If any part of this worked for you, please share this post with others and be a contribution to them!
Ten years ago I realized that after thirteen years of practicing securities law, I was done. I knew there had to be a better way for me to be of service to professionals and those around me. I no longer felt the joy I once had about being a lawyer. I was no longer of service the way I wanted to be.
Eight years ago, I realized that my natural talents (and real passion and joy) was in developing brands for others. In other words, how can others put forth their natural talents and abilities in a way such that they shine and attract business and positive attention with ease and grace. No resistance. Ever.
So I called the business “personal branding” because I really didn’t know what else to call it. What I do isn’t traditional marketing and it doesn’t involve products, so only the term “personal” made sense when it came to branding.
About four years ago, the term “personal branding” became really hot. Everyone realized that, post-recession, they needed to define themselves differently- and better. As a result, the term “branding” started gaining more press and usage.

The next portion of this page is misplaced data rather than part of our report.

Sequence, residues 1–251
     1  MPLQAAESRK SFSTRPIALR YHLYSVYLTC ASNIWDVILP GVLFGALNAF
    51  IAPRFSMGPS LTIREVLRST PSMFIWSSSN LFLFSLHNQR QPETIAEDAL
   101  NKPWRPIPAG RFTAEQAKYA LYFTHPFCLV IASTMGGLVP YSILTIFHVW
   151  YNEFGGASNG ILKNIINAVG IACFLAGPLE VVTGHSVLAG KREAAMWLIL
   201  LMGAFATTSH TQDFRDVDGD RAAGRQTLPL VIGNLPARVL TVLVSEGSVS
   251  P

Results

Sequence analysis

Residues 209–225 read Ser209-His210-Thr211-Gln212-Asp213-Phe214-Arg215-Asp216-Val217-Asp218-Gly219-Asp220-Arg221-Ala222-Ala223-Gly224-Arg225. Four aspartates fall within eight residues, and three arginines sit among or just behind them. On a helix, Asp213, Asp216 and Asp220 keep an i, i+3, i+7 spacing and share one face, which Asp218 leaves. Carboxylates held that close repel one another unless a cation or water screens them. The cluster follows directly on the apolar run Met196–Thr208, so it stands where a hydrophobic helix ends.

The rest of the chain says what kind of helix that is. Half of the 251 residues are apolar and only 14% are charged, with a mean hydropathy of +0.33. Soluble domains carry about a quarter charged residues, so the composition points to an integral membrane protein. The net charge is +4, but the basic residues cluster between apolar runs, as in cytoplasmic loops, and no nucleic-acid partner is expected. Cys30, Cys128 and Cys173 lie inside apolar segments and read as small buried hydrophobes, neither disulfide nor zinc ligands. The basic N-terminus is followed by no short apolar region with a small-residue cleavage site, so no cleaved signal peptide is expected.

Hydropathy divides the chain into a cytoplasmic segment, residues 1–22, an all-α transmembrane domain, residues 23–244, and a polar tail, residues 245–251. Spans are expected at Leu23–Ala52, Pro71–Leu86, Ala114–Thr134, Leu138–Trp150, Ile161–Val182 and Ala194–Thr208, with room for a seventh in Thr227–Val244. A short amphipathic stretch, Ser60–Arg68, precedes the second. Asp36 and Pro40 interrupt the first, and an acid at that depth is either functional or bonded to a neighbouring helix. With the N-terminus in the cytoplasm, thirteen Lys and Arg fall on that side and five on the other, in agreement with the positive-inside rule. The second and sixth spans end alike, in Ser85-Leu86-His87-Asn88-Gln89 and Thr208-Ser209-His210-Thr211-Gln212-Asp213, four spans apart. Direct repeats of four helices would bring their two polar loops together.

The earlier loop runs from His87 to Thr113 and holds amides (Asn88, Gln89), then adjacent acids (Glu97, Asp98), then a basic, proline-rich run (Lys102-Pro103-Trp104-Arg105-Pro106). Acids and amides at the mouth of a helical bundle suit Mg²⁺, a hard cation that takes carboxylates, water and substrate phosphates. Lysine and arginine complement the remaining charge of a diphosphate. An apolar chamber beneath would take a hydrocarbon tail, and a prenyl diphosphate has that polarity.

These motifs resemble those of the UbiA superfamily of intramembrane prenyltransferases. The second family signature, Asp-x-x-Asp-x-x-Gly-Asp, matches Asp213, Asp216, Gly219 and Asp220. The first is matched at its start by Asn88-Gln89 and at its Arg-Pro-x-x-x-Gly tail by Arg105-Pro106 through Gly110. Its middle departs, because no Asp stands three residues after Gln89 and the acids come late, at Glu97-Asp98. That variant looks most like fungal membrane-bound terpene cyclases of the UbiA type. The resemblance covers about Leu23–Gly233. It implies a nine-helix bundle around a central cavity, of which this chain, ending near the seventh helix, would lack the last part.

The problem was that everyone (and their brother) who had anything to do with marketing (of anything) started to say they are experts at personal brand development and branding, in general. I was clear on what I was doing, but I began getting a lot of confused people asking me some very good questions. They couldn’t distinguish the real branding experts from the fly by night wanna-be businesses that were after the fast buck until the trend ended.
Here’s the deal. Personal branding and branding are not trends. The concept will never end, nor should it. After all, if you want to figure out how to attract business (or a date or a friend) to you with ease, then you need to figure out your brand.
Here’s the problem. It’s a concept called signal versus noise. The brilliant lawyer, Patrick Lamb, who runs Valorem Law Group, writes about this concept in his popular blog at patrickjlamb.com. I had the pleasure of meeting Patrick a few weeks ago when he was a speaker at the ABA Lead Law event I helped organize.
Patrick explains signal versus noise in the following manner: Signal to noise ratio refers informally to the ratio of useful information (signal) to false or irrelevant data in a conversation or exchange (noise). Why this happens is that if someone is putting out there an attractive message with merit (signal), then others try to drown out (or detract attention from what’s right/has merit) with lots of noise that is useless. This method works because it causes distraction and confusion.